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Bothell, Washington is located along the Sammamish River, which connects Lake Sammamish to Lake Washington. The population was 30,150 at the 2000 census.
Bothell is a geographical oddity in that it straddles two counties, King County and Snohomish County. Because most streets in Bothell are numbered and not named, this has the unfortunate side-effect of causing all streets that cross the county line to change numbers. For example, 104th Avenue NE in King County becomes 23rd Avenue SE when it crosses into Snohomish County.
Bothell is home to Cascadia Community College and a satellite campus of the University of Washington. The two institutions share the same campus, which opened in the year 2000, and are closely linked. Schools for Bothell students in grades Kindergarten through 12th grade are part of the Northshore School District.
Prior to European settlement, the Sammamish River Valley from Lake Washington to Issaquah Creek south and upstream of Lake Sammamish was inhabited by a population of as many as 200 native Americans known as the Sammamish. The Sammamish were relocated after the Puget Sound War in 1856 to reservations and non-reservation lands.
In 1870, Columbus S. Greenleaf and George R. Wilson filed land claims in the area abandoned by the Sammamish near present-day Bothell, and built homes. Eight families followed over the next six years. In 1876, Canadian George Brackett bought land and began commercial logging out of a camp located on the north bank of the Sammamish River in what is now the heart of downtown Bothell. A store, school, and sawmill followed over the next several years.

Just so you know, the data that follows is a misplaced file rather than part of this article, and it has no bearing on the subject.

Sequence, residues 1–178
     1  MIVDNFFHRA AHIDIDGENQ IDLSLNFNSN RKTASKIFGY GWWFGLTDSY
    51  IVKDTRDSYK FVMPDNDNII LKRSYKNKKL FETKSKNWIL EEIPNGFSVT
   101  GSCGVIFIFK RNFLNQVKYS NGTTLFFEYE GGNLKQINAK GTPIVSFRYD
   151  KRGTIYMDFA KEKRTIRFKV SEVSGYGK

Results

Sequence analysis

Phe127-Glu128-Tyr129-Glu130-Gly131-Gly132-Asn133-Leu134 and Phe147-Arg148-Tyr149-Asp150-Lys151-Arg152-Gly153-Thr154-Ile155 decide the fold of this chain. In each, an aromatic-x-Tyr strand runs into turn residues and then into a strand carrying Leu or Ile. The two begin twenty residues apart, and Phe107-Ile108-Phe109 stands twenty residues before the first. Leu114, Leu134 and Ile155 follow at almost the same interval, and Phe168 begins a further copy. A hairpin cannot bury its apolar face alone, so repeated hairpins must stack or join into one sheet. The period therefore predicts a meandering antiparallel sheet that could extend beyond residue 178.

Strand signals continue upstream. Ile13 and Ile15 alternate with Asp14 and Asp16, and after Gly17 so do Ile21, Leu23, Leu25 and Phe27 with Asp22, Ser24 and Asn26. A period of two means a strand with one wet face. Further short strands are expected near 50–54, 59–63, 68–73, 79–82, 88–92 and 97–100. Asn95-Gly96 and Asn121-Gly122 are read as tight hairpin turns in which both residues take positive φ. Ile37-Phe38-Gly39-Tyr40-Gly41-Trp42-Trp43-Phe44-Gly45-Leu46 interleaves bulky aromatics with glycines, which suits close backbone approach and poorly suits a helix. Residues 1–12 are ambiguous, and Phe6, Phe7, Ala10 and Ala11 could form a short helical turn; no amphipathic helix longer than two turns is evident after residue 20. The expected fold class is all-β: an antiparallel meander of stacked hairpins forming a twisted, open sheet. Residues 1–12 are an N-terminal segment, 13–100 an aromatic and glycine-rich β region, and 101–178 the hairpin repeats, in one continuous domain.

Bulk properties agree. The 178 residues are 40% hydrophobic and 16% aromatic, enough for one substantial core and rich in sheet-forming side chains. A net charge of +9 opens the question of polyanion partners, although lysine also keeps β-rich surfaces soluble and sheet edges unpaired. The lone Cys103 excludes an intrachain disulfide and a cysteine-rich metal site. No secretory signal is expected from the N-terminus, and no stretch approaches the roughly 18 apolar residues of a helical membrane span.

In 1885, Brackett sold 80 acres to David Bothell, a settler from Pennsylvania. The town's first postmaster, who bought his property from Bothell, named the town in his honor in 1888. Later that same year, a local railroad was built through the town to transport coal from Issaquah.
Bothell continued to grow as logging expanded and boat traffic brought increasing amounts of goods and passengers up and down the river. As more people moved into the area, the Army Corps of Engineers decided to dredge and straighten the Sammamish River in the years shortly after Bothell's incorporation on April 14, 1909. Most boat traffic came to an abrupt end only a few years later when Lake Washington was lowered in 1917. Water transport also shifted to trucks after a brick road was built from Seattle. The logging economy declined quickly around the same time, and the local economy shifted to farming.
After World War II, better highways and a post-war boom brought suburban development to Bothell. These new neighborhoods and a series of annexations dramatically expanded Bothell's population from about 1000 in 1950 to over 30,000 as of 2006. Bothell was mostly a bedroom community for people working in Seattle until the 1990s when business development brought new jobs to create a regional employment center with about 20,000 jobs, many in high technology sectors such as biotechnology and software development.
Some Information courtesy of wikipedia.org